Review Article

HIV - implications for exercise in treatment and rehabilitation

M. Mars
South African Journal of Physiotherapy | Vol 60, No 4 | a190 | DOI: https://doi.org/10.4102/sajp.v60i4.190 | © 2004 M. Mars | This work is licensed under CC Attribution 4.0
Submitted: 12 January 2004 | Published: 12 January 2004

About the author(s)

M. Mars, Department of telehealth, Nelson R Mandela School of Medicine, University of Natal, South Africa

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Abstract

Exercise is an integral part of many forms of rehabilitation
following muscle injury or surgery. It is usual to advise patients with a viral infection to avoid exercise because of the risk of developing myocarditis. Should HIV+ patients should be encouraged to undertake exercise as part of rehabilitation and should they further be advised to participate in regular exercise? There is sufficient evidence to support the benefits of regular exercise in the HIV+ patient. They will experience a training effect dependent on the normal parameters of frequency, intensity, duration, and mode of exercise.  The disease does place potential limitations to exercise, as the HI virus directly affects pulmonary, cardiac, skeletal muscle and endocrine function.  The effects of these changes may be  exacerbated by secondary infection and other pathological changes may be induced by treatment.  The advent of highly active antiretroviral therapy has brought with it a range of metabolic changes that may also influence exercise  participation. The limitations to exercise imposed by HIV infection and its treatment are reviewed.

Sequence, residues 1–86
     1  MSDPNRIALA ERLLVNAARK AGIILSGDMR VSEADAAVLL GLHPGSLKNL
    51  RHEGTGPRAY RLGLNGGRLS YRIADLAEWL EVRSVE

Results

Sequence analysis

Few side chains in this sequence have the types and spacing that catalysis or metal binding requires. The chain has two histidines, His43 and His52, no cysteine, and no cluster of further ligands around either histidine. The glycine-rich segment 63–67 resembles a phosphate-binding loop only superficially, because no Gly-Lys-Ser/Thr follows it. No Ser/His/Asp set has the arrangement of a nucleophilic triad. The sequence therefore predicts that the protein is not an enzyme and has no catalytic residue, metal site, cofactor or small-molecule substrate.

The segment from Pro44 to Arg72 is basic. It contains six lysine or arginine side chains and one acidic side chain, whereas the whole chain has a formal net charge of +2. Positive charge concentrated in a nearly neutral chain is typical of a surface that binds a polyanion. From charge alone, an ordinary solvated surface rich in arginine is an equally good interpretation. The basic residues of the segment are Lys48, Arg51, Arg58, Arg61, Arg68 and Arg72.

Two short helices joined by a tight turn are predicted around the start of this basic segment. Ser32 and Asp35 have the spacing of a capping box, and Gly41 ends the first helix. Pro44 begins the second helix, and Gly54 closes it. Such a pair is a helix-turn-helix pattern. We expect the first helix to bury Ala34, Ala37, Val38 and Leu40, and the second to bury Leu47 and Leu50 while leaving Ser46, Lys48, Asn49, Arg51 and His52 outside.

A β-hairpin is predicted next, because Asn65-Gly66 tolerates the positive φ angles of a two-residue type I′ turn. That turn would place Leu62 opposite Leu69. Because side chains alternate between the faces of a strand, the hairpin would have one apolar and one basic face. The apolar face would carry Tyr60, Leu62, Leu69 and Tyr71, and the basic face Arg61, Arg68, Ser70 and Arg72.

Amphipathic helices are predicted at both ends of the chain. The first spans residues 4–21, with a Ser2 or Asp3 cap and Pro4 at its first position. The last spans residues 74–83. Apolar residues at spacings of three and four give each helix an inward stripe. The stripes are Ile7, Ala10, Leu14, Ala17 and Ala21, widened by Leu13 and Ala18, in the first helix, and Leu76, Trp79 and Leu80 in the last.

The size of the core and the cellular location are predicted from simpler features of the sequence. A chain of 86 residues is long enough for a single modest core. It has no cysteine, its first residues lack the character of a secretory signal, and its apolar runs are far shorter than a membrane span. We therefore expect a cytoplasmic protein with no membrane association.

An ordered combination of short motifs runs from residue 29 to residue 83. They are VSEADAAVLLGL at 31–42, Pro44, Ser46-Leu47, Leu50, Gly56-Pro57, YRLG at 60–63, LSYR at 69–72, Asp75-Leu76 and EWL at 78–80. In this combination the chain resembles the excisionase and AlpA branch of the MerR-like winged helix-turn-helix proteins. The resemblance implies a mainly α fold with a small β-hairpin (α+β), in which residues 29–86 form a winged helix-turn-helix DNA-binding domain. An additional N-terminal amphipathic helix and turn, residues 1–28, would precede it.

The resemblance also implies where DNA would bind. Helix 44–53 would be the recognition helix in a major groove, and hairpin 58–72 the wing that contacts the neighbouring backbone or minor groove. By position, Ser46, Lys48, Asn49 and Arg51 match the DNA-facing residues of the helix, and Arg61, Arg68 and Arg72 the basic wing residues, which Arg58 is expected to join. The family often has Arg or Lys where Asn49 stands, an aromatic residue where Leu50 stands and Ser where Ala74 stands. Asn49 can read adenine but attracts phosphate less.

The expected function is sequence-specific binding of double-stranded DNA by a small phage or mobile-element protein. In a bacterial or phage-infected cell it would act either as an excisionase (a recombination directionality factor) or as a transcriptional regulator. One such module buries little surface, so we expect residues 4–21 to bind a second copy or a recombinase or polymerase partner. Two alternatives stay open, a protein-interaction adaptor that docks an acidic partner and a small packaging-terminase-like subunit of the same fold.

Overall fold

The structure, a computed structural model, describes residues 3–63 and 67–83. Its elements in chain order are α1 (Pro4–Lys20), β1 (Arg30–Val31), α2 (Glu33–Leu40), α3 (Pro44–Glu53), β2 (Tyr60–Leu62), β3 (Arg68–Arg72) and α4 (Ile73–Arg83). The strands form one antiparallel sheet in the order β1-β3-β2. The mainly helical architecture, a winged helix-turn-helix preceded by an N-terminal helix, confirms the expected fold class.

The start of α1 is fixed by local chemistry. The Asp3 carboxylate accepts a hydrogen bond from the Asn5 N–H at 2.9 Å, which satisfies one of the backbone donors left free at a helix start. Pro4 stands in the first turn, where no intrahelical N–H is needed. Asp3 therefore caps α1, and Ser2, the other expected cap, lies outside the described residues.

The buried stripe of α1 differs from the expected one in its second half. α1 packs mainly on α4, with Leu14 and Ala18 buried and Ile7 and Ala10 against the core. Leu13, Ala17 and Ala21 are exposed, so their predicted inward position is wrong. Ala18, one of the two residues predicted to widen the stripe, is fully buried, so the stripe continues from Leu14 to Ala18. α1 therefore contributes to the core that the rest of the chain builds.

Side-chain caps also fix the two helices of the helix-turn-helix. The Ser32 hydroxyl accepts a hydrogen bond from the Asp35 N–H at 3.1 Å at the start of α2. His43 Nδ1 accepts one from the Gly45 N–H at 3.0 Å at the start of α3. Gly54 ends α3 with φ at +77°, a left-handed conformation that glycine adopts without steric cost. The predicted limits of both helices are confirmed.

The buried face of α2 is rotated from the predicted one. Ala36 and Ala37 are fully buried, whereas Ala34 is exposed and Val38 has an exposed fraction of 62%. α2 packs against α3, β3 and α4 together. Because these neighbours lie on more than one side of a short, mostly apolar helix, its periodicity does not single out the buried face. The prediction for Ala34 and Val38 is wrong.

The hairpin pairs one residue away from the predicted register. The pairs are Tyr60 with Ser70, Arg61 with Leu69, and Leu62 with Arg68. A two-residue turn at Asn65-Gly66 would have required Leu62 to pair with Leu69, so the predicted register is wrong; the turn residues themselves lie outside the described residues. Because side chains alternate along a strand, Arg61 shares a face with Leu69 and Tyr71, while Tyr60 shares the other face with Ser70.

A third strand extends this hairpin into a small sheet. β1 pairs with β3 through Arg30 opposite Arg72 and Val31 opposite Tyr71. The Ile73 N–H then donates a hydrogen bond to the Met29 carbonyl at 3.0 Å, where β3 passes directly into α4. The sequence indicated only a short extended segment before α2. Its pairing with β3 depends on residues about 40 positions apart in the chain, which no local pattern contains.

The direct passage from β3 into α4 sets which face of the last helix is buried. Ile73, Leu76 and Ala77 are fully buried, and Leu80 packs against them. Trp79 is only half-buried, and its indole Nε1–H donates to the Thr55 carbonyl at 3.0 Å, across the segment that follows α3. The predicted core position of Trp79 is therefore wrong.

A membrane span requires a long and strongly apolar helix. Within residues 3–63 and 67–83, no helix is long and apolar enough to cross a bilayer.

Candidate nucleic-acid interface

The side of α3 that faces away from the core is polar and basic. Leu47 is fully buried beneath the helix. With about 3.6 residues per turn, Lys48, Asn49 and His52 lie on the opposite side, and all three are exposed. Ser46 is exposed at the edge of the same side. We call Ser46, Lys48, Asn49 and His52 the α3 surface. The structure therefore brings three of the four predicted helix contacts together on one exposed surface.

Keywords

hiv; exercise; lung function; cardiac function; skeletal muscle; metabolic disturbance

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